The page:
The antitoxin treatment—available commercially now—is essential, and the sooner the horse gets it, the better. Veterinarians
who reside in endemic areas should make a plan to get plasma almost immediately for an affected horse, Johnson advises. She
recommends either having a unit on hand in the freezer at the practice or being close to a clinic that has it.
"If there is no available plasma, even a shipment overnight often will not suffice," says Johnson. "It needs to be available
within a few hours for the proper recommended treatment."
Only one USDA-approved vaccine against equine botulism is available in the United States—a killed (toxoid) vaccine directed
against C. botulinum type B (BotVax B—Neogen Corp.). The initial series consists of three doses administered at four-week intervals, with subsequent
yearly boosters. Pregnant mares should receive their primary series and then be revaccinated four to six weeks before foaling.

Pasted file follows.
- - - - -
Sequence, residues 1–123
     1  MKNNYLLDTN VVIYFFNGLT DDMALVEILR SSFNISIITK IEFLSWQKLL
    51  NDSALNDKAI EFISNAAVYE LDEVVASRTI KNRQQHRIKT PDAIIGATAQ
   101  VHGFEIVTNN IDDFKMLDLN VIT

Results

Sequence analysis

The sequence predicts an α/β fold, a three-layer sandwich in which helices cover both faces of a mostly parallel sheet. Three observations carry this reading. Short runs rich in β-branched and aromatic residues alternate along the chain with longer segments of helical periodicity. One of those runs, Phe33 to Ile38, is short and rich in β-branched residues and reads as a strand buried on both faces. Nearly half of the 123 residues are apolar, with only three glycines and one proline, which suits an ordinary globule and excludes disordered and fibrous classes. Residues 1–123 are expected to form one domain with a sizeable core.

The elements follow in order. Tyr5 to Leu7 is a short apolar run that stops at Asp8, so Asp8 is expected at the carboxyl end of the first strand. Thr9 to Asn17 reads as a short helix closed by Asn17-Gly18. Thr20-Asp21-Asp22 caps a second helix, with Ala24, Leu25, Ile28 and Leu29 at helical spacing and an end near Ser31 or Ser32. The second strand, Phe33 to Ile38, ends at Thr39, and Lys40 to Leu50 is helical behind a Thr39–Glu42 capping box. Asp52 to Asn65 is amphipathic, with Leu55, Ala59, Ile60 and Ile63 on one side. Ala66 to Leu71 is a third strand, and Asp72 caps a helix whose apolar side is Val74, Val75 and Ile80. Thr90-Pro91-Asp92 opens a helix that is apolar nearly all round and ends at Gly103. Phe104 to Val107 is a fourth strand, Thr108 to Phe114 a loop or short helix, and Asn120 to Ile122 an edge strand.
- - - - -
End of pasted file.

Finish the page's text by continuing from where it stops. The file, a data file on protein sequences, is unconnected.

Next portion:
Passively acquired maternal antibodies do not appear to interfere with the foal's serologic response, so foals may have their
primary series started as early as 2 weeks of age, although it is more commonly started at 1 to 3 months of age. Unfortunately,
there are no vaccines for type A or C.1
1. Johnson AL. Advances in the diagnosis and treatment of botulism, in Proceedings. ACVIM Forum. Seattle, Wash.; June 2013.
1. Johnson AL, McAdams SC, Whitlock RH. Type A botulism in horses in the U.S: a review of the past ten years (1998-2008). J Vet Diagn Invest 2010;22(2):165-173.
2. Johnson AL, Sweeney RW, McAdams SC, et al. Quantitative real-time PCR for detection of the neurotoxin gene of Clostridium botulinum type B in equine and bovine samples. Vet J 2012;194(1):118-120.
3. Pellet S. Learning from the past: historical aspects of bacterial toxins as pharmaceuticals. Curr Opin Microbiol 2012;15(3):292-299.